An active foreign policy is costly. Intervention requires aid programs, trade initiatives, and diplomatic personnel. Reliance on the military is especially expensive. What are described as “endless” wars post‐9/11 are expected to eventually cost, including veterans’ care, more than $6 trillion. And combat is not over: Approximately 12,000 service members are posted in Afghanistan, though the number is dropping under the peace accord with the Taliban, and some 6,000 troops remain in Iraq. A few hundred work in Syria, while special operations forces have been deployed in Yemen. Peacetime deployments, some permanent, some temporary, also create a significant, ongoing burden. For instance, the United States currently stations some 78,000 troops in East Asia, as many as 65,000 in the Persian Gulf, about 35,000 in Europe, and 6,000 to 7,000 in Africa. Additional units in the United States back up these commitments. Every military alliance and relationship requires additional force structure, wherever the troops are deployed at any given time.
The financial burdens of this activist military policy had been growing difficult to bear long before the economic crisis created by the coronavirus pandemic. In June 2019, the Congressional Budget Office forecast trillion‐dollar annual deficits as far as the eye can see. The agency warned: “Large budget deficits over the next 30 years are projected to drive federal debt held by the public to unprecedented levels—from 78 percent of gross domestic product (GDP) in 2019 to 144 percent by 2049.” For comparison: Greece was at a similar deficit level when it was battered by its own debt crisis in the wake of the global financial crisis. If interest rates in the United States grow by just 1 percent, in three decades the federal government’s debt will run 199 percent of GDP. However, well before that level is reached, Washington would risk what the Congressional Budget Office terms “a fiscal crisis—that is, a situation in which the interest rate on federal debt rises abruptly because investors have lost confidence in the U.S. government’s fiscal position.” This would greatly intensify the fiscal crunch.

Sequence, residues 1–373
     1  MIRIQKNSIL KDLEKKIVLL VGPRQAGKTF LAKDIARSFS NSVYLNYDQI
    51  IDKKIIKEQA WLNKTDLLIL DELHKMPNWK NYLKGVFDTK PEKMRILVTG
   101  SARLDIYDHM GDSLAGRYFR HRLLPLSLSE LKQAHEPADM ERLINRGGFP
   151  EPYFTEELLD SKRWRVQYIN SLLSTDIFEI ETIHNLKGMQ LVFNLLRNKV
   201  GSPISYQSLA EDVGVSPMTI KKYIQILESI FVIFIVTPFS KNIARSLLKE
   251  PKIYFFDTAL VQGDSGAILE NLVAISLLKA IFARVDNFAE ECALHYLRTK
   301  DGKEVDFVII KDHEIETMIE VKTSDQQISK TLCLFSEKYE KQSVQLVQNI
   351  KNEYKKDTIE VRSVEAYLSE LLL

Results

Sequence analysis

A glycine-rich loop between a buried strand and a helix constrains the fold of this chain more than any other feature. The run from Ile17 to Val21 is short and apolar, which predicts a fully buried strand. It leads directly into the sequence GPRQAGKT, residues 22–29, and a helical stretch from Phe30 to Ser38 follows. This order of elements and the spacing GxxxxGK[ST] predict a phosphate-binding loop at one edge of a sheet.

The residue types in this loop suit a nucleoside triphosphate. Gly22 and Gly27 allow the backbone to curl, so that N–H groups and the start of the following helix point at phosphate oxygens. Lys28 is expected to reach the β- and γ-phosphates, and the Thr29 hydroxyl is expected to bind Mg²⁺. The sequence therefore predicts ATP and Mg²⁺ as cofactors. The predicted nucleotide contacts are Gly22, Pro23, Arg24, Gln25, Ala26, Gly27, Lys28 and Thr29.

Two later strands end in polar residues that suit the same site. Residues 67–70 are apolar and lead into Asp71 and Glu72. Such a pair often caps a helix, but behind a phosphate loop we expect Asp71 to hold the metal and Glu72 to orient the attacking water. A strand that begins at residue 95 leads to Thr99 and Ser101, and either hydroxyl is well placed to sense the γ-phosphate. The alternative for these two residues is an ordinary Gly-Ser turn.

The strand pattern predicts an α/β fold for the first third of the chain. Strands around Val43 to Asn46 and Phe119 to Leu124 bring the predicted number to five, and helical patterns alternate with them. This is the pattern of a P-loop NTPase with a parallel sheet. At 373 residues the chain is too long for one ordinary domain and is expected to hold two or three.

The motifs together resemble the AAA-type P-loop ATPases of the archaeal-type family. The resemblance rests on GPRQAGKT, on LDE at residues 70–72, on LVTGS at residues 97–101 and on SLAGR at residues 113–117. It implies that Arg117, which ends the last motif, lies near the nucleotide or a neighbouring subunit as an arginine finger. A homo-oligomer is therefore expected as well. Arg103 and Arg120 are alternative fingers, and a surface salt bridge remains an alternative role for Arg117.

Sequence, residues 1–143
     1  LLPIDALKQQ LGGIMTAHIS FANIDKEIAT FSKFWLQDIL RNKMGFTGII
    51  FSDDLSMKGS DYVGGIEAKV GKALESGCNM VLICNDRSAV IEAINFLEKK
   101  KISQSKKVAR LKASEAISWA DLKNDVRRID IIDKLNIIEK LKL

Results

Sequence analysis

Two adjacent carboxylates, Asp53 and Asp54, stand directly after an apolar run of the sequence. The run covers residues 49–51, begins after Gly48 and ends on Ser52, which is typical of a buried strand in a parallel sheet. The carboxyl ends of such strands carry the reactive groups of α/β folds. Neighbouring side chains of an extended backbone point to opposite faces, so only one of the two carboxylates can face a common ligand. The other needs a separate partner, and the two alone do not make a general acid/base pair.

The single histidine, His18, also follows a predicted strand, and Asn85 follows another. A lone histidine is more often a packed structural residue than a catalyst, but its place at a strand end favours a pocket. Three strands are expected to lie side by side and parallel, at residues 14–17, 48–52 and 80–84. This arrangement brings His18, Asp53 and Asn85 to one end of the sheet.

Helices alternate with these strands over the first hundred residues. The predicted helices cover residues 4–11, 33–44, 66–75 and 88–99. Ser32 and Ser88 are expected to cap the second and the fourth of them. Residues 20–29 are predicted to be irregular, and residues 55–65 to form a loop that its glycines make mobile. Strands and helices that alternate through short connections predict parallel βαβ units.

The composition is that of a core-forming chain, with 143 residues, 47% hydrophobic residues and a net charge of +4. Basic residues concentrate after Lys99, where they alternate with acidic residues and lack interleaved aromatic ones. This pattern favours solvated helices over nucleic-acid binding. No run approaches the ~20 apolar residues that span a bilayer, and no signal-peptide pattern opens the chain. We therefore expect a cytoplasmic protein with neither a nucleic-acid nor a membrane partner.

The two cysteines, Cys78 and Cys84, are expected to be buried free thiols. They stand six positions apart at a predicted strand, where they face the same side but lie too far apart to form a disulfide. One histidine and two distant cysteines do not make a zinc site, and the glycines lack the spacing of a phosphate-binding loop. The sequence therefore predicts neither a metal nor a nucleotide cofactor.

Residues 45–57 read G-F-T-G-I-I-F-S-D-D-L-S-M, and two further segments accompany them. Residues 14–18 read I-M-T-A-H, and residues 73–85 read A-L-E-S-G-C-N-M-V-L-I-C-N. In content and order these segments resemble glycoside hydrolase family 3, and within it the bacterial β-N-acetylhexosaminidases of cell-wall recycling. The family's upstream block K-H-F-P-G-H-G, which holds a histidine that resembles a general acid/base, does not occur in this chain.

With the ongoing economic collapse and massive federal bailouts, the federal financial situation has dramatically worsened. At the end of April, the budget office projected a 12 percent drop in real GDP this quarter, an unemployment rate of 14 percent, a likely annual deficit of $3.7 trillion in 2020 and $2.1 trillion next year, and debt at 101 percent of GDP by the end of the fiscal year. Those numbers may well rise. The Manhattan Institute’s Brian Riedl believes the red ink might even hit $4.2 trillion this year. If so, Washington will borrow more this year than during 2014 to 2019 combined.
States also face enormous economic pressures. Most are forced to at least nominally balance their budgets, as only Uncle Sam has a printing press, but their pension funds, which collectively faced a $1 trillion funding hole at the start of the year, are likely to have $1.5 trillion to $2 trillion in unfunded liabilities by December. Some states, most notably Illinois, Kentucky, and New Jersey, already are at risk. The Democratic House has proposed including a state bailout in its proposal for another $3 trillion in aid.